GM has two really huge problems that could be causing your symptoms. The first is the front wheel bearings. They develop a little play that is perfectly normal but they have wheel speed sensors built in that develop very wimpy signals to begin with, and that play allows the signals to get even weaker until the Anti-lock Brake Computer can't see them. That can happen to new wheel bearings in as little as 15,000 miles. The dealers' scrap metal bins are full of the old bearing assemblies. The loss of a signal will also cause the traction control light to turn on because that system is an addition to the anti-lock brake system. To determine if a wheel speed sensor / wheel bearing is the cause of those two lights turning on, have your mechanic read the diagnostic fault codes. Those will indicate the circuit or system that needs further diagnosis. The wheel speed data can also be read on the scanner during a test drive and you can watch if one of them drops out intermittently.
The other big problem for GM is their generators. Due to their poor design they develop huge voltage spikes that can damage the internal diodes and voltage regulator, and they can interfere with sensor signals for the other computers. One failed diode of the six will result in a loss of exactly two thirds of the generator's output current capacity. 30 amps from the common 90 amp generator is not enough to run the car's electrical system under all conditions, and the battery will have to make up the difference until it runs down. "Ripple" voltage will also be very high. With this condition system voltage can drop low enough to confuse the many computers which are very intolerant of low voltage. They may shut down or they might do weird things. Either way they are likely to turn on warning lights. To identify this the charging system must be professionally load-tested to see if the generator can deliver its design current.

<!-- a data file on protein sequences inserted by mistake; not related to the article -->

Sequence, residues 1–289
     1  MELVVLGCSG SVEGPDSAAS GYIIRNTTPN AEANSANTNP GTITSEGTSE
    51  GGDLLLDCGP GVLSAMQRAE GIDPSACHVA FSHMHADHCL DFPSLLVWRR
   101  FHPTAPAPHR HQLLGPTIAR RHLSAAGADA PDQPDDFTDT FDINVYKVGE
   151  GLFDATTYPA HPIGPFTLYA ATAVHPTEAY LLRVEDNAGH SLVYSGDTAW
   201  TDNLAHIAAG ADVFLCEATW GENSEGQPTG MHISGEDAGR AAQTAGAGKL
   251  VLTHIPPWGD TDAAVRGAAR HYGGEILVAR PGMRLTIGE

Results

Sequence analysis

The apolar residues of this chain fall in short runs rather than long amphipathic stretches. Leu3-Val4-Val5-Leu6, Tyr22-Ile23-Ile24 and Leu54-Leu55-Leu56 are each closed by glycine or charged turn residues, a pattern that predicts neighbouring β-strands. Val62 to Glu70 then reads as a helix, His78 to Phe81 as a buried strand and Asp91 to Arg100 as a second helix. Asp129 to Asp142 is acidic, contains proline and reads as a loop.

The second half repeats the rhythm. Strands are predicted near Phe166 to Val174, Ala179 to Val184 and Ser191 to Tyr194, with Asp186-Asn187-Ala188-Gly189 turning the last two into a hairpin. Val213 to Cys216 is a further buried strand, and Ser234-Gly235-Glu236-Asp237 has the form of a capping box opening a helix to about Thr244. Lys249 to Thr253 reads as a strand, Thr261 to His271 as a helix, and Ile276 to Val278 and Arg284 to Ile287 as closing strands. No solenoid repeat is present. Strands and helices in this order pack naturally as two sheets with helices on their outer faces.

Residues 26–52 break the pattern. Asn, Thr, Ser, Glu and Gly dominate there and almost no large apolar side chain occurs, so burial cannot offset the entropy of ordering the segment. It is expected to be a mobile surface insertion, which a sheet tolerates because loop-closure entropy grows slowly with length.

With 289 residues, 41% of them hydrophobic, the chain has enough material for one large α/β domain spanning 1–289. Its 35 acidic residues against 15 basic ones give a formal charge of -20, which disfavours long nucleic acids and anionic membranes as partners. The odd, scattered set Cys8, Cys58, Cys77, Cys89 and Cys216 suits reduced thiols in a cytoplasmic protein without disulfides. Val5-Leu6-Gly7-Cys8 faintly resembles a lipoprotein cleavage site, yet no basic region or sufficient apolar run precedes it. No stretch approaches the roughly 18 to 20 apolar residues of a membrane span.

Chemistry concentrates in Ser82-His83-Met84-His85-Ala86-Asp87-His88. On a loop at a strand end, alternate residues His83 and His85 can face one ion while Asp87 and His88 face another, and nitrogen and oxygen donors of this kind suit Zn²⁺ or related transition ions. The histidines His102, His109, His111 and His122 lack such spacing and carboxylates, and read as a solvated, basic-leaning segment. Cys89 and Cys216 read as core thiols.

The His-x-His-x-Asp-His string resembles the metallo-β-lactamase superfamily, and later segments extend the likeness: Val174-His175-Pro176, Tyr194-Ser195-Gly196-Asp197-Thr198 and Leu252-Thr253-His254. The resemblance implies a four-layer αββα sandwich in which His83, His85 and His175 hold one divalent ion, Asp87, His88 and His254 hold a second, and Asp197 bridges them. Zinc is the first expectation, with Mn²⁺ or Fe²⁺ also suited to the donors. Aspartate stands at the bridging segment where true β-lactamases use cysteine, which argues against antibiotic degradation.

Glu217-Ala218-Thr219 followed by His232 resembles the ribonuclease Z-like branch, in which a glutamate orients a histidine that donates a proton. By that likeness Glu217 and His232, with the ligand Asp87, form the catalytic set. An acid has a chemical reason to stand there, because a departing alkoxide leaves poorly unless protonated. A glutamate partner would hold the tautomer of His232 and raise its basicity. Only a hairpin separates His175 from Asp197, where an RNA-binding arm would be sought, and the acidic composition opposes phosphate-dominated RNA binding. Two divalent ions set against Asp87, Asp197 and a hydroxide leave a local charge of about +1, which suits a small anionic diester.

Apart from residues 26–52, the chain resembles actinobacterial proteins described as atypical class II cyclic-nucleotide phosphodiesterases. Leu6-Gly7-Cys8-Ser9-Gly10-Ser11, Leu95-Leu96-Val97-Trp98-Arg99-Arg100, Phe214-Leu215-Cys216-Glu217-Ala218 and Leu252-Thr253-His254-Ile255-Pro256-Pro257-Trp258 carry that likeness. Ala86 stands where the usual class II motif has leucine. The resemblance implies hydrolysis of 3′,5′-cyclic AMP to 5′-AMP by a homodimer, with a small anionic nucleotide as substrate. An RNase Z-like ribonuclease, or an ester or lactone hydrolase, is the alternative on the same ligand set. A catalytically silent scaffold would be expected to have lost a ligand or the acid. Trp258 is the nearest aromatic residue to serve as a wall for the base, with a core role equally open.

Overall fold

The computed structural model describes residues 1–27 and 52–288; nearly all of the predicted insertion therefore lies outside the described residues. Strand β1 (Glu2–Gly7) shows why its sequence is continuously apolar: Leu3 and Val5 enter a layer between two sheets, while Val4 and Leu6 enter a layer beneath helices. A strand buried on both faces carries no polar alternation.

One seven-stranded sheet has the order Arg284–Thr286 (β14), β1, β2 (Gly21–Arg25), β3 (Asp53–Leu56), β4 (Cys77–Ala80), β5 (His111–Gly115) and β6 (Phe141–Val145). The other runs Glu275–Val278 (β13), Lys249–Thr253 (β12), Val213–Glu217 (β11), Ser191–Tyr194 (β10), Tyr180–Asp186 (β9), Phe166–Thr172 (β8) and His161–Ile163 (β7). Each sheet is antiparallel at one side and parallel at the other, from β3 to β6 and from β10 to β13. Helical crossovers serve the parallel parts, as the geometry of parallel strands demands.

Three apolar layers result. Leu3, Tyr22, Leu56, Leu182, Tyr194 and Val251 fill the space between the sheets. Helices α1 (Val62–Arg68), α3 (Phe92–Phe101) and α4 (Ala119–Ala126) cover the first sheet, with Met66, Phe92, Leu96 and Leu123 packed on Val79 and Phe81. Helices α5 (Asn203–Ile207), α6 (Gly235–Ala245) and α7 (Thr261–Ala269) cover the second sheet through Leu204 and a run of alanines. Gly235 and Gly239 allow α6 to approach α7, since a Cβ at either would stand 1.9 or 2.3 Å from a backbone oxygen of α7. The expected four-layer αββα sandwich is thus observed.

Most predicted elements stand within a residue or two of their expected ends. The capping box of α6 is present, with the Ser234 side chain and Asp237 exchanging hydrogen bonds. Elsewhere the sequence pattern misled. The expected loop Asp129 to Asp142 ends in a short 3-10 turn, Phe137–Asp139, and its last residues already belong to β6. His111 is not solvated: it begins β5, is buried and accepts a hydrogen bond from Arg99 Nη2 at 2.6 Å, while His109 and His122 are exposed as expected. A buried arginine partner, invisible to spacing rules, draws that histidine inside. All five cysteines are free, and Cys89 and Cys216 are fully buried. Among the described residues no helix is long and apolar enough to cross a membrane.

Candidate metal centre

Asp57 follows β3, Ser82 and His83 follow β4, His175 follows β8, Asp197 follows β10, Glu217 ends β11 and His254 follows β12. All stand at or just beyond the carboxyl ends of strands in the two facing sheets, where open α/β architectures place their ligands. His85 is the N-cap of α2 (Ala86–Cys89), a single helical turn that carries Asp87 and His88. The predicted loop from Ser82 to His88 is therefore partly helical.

If the generator has failed, replace the battery at the same time to reduce the high number of repeat failures, unless it is less than about two years old. As the battery ages it loses its ability to dampen and absorb those voltage spikes.
Tuesday, September 3rd, 2013 AT 8:09 PM